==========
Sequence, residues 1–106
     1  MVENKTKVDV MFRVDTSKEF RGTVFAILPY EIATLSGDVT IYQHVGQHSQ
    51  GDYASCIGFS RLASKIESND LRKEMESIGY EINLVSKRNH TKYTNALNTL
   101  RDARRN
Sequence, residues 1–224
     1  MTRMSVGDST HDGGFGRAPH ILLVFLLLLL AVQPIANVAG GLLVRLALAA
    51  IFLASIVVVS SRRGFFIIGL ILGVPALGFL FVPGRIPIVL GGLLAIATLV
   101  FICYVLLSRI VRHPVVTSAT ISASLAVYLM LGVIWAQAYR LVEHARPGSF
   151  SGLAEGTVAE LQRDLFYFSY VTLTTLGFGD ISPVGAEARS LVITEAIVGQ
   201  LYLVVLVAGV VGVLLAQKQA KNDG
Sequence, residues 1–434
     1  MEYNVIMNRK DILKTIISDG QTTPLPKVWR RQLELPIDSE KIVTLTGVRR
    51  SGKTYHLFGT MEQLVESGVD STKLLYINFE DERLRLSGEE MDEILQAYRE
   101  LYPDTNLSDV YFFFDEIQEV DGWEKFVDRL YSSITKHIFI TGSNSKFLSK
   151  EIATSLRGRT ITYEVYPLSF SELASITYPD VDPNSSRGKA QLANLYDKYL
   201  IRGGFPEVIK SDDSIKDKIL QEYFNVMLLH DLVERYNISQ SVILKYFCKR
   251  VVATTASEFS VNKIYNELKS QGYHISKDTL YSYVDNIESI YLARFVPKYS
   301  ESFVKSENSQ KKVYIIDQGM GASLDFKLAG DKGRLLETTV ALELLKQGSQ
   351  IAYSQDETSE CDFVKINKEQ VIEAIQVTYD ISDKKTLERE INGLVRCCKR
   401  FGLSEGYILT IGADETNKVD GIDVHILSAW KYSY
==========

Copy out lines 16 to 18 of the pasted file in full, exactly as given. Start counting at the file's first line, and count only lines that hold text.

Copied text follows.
   201  IRGGFPEVIK SDDSIKDKIL QEYFNVMLLH DLVERYNISQ SVILKYFCKR
   251  VVATTASEFS VNKIYNELKS QGYHISKDTL YSYVDNIESI YLARFVPKYS
   301  ESFVKSENSQ KKVYIIDQGM GASLDFKLAG DKGRLLETTV ALELLKQGSQ